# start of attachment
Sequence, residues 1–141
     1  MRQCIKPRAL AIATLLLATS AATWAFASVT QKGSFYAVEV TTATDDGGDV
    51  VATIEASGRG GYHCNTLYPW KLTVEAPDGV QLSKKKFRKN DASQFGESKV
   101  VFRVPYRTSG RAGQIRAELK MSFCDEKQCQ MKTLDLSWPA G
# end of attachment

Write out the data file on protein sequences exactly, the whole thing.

Sequence, residues 1–141
     1  MRQCIKPRAL AIATLLLATS AATWAFASVT QKGSFYAVEV TTATDDGGDV
    51  VATIEASGRG GYHCNTLYPW KLTVEAPDGV QLSKKKFRKN DASQFGESKV
   101  VFRVPYRTSG RAGQIRAELK MSFCDEKQCQ MKTLDLSWPA G